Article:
Early development consists of a highly choreographed series of events controlled by temporally and spatially regulated batteries of genes. Although the sequence and nature of the events may vary between organisms, features such as the maternal-to-zygotic transition (MZT) where control of development is transferred from maternal to zygotic genes, and the establishment of gene networks initiated by master regulators, are common to all zygotes, pointing to their essential roles in embryogenesis.
One of the best-studied developmental systems is the Drosophila
embryo where transcription factor hierarchies act to pattern and subdivide the embryo along the anteroposterior (AP) and dorsoventral (DV) body axes. Only three hours (hrs) after fertilization at the height of the MZT, most of the ~6000 cells in the embryo have acquired their positional information and cell fates. At this time, the embryo has also completed cellularization, whereby each nucleus of the syncytial blastoderm becomes enclosed by cell membrane 
, and the processes of sex determination and dosage compensation are underway 
. Although much attention has focused on the gene networks that regulate these processes, less is known about how they are coordinated to occur in a temporally organized manner.
The recent discovery of the transcription factor Zld raised the possibility that a single factor could coordinately activate the early zygotic genome 
. Expression profiling studies of early embryos lacking maternal expression of zld
(henceforth referred to as zld−
) revealed that 70% of the genes normally activated between 1–2 hrs of development were down-regulated, including many genes required for cellularization, sex determination, and dorsal patterning 
. However, other early genes displayed more subtle changes in the absence of zld
. For example, activation of the ventral gene sna
was temporally delayed, but appeared to recover by nuclear cycle (nc) 14 
. Thus, Zld appeared to regulate early zygotic genes in different ways - some are completely dependent on Zld for activation, while others depend on Zld for proper timing of expression.
Zld binds in vitro
and related motifs referred to as TAGteam sites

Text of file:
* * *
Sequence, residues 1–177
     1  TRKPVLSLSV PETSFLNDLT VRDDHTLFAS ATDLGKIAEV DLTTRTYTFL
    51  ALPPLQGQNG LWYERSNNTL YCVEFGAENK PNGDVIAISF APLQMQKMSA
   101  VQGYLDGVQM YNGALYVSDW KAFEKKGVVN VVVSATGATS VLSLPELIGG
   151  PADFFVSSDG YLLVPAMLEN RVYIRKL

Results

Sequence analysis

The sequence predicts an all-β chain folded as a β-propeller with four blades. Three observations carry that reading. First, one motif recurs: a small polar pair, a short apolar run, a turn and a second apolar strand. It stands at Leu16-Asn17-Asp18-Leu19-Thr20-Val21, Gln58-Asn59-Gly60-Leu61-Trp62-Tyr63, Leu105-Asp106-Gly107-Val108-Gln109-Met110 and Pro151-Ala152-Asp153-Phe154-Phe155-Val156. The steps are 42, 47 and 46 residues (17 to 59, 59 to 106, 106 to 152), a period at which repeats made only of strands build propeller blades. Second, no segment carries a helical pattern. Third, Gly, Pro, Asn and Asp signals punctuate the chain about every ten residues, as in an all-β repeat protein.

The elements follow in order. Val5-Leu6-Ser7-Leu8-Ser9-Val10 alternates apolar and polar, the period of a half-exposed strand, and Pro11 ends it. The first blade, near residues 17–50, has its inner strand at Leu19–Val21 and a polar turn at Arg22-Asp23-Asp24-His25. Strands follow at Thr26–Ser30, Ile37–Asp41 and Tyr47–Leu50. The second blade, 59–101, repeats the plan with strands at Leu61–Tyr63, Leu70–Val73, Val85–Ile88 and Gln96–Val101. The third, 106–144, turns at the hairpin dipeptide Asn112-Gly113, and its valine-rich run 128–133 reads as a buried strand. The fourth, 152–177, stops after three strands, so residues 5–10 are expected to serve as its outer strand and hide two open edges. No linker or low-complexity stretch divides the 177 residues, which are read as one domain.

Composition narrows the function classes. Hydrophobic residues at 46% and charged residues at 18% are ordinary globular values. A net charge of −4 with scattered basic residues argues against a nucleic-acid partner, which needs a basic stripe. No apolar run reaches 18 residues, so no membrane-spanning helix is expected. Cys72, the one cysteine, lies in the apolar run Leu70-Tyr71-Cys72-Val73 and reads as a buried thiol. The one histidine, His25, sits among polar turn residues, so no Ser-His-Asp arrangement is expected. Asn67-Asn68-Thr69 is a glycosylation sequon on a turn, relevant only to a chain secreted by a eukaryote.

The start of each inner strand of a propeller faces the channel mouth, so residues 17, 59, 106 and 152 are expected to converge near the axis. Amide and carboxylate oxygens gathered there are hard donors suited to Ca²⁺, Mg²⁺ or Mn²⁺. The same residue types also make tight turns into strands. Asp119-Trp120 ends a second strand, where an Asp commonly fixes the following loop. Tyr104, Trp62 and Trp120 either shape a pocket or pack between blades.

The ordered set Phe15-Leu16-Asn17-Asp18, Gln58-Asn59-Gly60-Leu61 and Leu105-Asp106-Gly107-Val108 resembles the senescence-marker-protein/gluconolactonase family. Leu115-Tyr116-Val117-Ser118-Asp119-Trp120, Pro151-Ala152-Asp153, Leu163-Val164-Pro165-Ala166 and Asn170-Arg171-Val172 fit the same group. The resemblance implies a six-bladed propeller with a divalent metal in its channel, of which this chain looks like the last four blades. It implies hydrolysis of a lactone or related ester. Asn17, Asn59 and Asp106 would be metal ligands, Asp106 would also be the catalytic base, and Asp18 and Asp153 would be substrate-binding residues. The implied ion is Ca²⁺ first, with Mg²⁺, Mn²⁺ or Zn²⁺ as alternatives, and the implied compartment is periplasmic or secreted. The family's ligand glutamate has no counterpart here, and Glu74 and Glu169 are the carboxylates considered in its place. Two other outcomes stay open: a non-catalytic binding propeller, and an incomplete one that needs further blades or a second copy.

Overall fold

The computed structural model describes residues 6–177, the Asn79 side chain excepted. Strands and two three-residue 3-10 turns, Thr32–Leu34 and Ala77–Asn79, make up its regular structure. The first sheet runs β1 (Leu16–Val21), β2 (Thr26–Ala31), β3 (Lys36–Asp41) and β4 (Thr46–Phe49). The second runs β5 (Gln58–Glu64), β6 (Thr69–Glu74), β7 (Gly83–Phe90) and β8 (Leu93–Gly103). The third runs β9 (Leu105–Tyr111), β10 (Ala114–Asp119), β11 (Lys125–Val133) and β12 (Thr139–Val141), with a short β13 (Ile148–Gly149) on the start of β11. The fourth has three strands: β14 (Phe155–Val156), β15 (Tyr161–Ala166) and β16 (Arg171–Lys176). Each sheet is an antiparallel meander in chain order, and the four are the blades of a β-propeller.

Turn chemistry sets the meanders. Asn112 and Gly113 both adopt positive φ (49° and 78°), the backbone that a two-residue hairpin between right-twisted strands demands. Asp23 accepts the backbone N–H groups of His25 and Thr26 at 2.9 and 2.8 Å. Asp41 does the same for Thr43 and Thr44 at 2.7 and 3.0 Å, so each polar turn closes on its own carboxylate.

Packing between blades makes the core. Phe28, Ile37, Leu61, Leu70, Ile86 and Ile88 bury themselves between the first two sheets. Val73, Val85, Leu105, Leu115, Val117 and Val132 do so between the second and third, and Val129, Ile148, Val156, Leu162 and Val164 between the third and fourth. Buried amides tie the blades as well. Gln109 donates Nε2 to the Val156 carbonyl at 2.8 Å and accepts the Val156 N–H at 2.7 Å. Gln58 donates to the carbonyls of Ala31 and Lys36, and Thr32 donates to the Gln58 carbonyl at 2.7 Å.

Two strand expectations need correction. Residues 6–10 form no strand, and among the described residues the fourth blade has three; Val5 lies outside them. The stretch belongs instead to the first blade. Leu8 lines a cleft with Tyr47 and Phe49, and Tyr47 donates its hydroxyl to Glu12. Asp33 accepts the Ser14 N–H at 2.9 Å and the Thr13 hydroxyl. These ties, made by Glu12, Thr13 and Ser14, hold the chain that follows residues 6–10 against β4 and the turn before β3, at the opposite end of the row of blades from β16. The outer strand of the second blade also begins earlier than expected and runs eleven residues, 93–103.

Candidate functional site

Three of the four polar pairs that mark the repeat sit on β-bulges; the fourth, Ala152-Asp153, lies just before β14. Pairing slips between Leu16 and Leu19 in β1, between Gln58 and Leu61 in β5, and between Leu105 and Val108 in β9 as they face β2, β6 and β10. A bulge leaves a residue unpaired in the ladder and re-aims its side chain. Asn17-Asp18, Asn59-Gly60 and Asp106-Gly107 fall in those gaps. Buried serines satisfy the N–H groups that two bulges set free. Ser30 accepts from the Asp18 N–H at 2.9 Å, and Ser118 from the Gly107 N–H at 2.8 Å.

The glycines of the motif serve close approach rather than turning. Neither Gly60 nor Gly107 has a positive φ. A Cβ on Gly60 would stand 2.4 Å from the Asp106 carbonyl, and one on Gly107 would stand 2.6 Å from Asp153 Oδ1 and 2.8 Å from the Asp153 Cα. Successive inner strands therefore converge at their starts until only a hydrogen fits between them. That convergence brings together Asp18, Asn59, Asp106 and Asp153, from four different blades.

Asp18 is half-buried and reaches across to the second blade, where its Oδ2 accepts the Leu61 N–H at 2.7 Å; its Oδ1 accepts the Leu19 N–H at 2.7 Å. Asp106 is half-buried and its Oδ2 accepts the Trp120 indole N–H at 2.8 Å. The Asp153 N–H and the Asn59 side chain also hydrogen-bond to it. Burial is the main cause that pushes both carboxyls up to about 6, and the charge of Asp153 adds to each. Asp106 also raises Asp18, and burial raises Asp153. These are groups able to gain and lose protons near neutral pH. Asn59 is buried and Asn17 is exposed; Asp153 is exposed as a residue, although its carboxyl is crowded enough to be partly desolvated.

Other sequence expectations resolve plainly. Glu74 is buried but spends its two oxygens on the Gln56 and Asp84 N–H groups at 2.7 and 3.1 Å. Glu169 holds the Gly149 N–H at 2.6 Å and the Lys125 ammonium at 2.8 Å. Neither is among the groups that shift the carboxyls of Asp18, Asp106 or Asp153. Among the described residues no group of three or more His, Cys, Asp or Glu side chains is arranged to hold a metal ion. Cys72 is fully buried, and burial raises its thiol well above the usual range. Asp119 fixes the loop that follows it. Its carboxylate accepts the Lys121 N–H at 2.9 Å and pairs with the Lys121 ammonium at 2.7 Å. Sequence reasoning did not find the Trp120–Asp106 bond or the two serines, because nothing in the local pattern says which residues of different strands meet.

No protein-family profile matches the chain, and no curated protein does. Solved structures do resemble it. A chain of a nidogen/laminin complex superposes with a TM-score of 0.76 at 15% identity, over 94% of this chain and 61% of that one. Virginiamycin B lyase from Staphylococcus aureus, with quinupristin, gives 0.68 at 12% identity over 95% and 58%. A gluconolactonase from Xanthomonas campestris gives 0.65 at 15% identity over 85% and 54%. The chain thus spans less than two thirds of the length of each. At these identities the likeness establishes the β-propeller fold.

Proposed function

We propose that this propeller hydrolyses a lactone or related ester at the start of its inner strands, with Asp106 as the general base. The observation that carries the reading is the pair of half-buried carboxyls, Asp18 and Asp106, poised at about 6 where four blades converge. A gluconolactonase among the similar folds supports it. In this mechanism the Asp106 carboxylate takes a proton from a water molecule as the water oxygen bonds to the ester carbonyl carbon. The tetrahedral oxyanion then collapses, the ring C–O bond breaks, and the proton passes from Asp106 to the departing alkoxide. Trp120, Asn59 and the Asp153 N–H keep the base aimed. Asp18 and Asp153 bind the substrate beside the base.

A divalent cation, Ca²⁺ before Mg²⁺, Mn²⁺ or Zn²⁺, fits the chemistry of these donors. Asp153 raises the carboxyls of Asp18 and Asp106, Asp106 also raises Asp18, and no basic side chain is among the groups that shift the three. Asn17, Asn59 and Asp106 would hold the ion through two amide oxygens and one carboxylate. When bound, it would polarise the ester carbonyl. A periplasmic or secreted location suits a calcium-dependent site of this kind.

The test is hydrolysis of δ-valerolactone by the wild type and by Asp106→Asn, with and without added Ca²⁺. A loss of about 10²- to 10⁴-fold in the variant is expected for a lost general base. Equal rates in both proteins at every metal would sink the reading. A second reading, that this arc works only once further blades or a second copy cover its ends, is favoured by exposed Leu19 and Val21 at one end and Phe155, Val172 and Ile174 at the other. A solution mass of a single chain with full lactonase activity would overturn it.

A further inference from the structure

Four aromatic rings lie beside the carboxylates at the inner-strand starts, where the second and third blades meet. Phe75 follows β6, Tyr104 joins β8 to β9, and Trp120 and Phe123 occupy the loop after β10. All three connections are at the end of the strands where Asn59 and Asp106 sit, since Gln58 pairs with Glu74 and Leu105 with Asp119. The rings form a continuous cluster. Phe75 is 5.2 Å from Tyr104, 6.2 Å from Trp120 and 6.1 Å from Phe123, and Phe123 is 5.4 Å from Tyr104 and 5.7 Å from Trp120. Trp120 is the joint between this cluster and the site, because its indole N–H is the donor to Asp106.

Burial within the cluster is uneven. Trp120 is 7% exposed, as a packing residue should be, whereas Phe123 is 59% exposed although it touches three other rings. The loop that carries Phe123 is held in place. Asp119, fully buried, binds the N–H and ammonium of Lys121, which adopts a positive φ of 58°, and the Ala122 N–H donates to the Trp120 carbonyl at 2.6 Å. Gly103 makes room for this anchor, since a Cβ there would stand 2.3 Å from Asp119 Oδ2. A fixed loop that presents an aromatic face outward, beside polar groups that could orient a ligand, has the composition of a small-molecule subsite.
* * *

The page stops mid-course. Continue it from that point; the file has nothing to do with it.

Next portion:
, which were first identified as conserved sequences over-represented in the regulatory regions of pre-cellular blastoderm genes 
. Indeed, the TAGteam sites are located upstream and often close to the transcription start site (TSS) of genes down-regulated in zld− 
. However, many genes with upstream TAGteam sites were unaffected in our profiling studies. They may not be expressed at 1–2 hrs, or they could have a maternal component masking the effect of Zld on their zygotic expression, or like sna
, they may have gone undetected in the profiling analysis due to more subtle effects in zld−
. Therefore, Zld may play a more extensive role in regulating early developmental genes than previously suggested.
To further investigate Zld targets, and possible mechanisms of their coordinated expression, we analyzed Zld binding across the genome in pre-cellular blastoderm embryos. These results, combined with our expression profiling studies, uncovered many new Zld targets, and demonstrated that Zld is responsible for timing the activation of genes across all three patterning systems, DV, AP and terminal. Our expression assays further showed that proper transcriptional onset is critical for the cascade of cross-regulatory interactions among patterning genes, and that changes in timing can lead to profound changes in positional information throughout the blastoderm. We found a remarkable overlap between Zld-bound regions and HOT (high occupancy transcription factor binding) regions, or hotspots, reported by the modENCODE consortium 
. The observation that Zld can be visualized in nuclei before other known transcription factors, and that the most over-represented motif in hotspots is the Zld binding site, hints at a role for Zld in marking, establishing, or maintaining hotspots.